Three notebooks of Jane Austen’s teenage writings survive. The earliest pieces probably date from 1786 or 1787, around the time that Jane, aged 11 or 12, and her older sister and collaborator Cassandra left school. By this point Austen was already an indiscriminate and precocious reader, devouring pulp fiction and classic literature alike; what she read, she soon began to imitate and parody.
Unlike many teenage writings then and now, these are not secret or agonized confessions entrusted to a private journal and for the writer’s eyes alone. Rather, they are stories to be shared and admired by a named audience of family and friends. Devices and themes which appear subtly in Austen’s later fiction run riot openly and exuberantly across the teenage page. Drunkenness, brawling, sexual misbehaviour, theft, and even murder prevail. Listen to Kathryn Sutherland and Freya Johnston, editors of the Oxford World’s Classics edition, introduce Austen’s teenage writings and who she was writing for, on the tracks below.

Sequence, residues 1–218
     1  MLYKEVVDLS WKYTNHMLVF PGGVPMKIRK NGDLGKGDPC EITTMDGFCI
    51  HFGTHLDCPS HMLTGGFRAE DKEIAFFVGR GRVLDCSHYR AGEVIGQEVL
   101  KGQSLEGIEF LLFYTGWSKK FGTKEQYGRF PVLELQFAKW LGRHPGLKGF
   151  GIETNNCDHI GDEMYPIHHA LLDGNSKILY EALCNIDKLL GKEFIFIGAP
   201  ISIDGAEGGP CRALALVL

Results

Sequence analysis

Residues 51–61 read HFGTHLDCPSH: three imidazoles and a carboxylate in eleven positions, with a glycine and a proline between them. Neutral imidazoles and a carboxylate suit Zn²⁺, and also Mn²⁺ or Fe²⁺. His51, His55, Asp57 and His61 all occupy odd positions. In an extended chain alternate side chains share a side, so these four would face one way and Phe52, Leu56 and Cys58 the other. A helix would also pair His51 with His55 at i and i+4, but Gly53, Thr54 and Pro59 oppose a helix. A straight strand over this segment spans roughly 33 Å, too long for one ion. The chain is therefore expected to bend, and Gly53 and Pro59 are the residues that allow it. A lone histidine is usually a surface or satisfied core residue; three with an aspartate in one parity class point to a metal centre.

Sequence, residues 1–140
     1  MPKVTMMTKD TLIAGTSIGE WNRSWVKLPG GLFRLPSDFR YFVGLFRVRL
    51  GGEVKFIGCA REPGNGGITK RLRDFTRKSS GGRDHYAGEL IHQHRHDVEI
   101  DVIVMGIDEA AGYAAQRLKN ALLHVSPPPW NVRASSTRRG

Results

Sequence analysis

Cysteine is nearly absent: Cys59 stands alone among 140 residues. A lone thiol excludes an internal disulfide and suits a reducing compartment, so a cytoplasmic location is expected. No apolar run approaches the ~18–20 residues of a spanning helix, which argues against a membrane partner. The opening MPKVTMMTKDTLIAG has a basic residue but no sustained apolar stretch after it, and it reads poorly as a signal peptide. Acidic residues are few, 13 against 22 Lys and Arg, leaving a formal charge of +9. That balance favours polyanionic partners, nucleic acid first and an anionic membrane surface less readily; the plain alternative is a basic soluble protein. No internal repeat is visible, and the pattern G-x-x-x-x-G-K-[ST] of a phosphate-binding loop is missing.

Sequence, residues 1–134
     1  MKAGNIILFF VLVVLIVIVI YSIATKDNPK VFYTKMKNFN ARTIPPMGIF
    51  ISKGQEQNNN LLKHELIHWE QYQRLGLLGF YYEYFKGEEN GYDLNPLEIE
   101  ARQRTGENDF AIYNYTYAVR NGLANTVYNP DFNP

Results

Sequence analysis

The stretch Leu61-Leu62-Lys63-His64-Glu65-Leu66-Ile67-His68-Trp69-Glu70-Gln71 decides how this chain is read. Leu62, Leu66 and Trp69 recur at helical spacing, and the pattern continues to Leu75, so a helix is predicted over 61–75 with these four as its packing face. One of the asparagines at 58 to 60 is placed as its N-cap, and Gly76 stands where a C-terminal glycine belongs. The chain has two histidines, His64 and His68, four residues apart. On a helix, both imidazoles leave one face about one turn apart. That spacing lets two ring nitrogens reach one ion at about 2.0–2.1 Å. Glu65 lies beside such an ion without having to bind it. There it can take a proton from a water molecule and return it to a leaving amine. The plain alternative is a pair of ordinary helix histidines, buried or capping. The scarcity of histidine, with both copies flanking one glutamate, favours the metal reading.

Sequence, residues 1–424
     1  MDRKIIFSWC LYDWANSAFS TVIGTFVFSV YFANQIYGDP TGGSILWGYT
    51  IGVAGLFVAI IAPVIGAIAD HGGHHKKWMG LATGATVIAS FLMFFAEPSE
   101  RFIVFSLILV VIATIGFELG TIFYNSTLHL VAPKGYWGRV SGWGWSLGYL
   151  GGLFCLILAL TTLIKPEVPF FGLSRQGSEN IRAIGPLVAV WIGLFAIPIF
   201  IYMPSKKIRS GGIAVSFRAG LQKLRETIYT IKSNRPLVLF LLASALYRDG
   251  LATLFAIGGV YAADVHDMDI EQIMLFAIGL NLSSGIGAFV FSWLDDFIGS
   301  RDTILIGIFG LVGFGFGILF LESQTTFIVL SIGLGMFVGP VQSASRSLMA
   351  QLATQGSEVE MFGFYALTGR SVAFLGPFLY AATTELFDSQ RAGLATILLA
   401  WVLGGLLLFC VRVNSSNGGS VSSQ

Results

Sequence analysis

Featured image credit: “Notebook” by Pexels. CC0 Public Domain via Pixabay.